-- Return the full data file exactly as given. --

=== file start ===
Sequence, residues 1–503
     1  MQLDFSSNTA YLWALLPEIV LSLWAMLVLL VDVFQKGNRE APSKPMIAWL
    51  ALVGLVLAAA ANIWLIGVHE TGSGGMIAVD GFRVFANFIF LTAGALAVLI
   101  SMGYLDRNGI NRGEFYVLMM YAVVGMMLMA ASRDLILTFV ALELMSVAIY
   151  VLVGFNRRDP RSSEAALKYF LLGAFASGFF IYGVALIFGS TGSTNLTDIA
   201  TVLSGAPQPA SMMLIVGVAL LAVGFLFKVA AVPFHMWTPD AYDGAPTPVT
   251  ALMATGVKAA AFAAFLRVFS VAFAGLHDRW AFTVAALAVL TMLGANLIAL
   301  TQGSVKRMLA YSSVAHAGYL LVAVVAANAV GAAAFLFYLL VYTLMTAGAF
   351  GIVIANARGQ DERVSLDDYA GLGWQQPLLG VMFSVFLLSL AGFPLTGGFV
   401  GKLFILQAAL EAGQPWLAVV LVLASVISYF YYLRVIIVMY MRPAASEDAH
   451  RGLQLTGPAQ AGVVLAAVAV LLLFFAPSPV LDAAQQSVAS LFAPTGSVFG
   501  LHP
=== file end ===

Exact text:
Sequence, residues 1–503
     1  MQLDFSSNTA YLWALLPEIV LSLWAMLVLL VDVFQKGNRE APSKPMIAWL
    51  ALVGLVLAAA ANIWLIGVHE TGSGGMIAVD GFRVFANFIF LTAGALAVLI
   101  SMGYLDRNGI NRGEFYVLMM YAVVGMMLMA ASRDLILTFV ALELMSVAIY
   151  VLVGFNRRDP RSSEAALKYF LLGAFASGFF IYGVALIFGS TGSTNLTDIA
   201  TVLSGAPQPA SMMLIVGVAL LAVGFLFKVA AVPFHMWTPD AYDGAPTPVT
   251  ALMATGVKAA AFAAFLRVFS VAFAGLHDRW AFTVAALAVL TMLGANLIAL
   301  TQGSVKRMLA YSSVAHAGYL LVAVVAANAV GAAAFLFYLL VYTLMTAGAF
   351  GIVIANARGQ DERVSLDDYA GLGWQQPLLG VMFSVFLLSL AGFPLTGGFV
   401  GKLFILQAAL EAGQPWLAVV LVLASVISYF YYLRVIIVMY MRPAASEDAH
   451  RGLQLTGPAQ AGVVLAAVAV LLLFFAPSPV LDAAQQSVAS LFAPTGSVFG
   501  LHP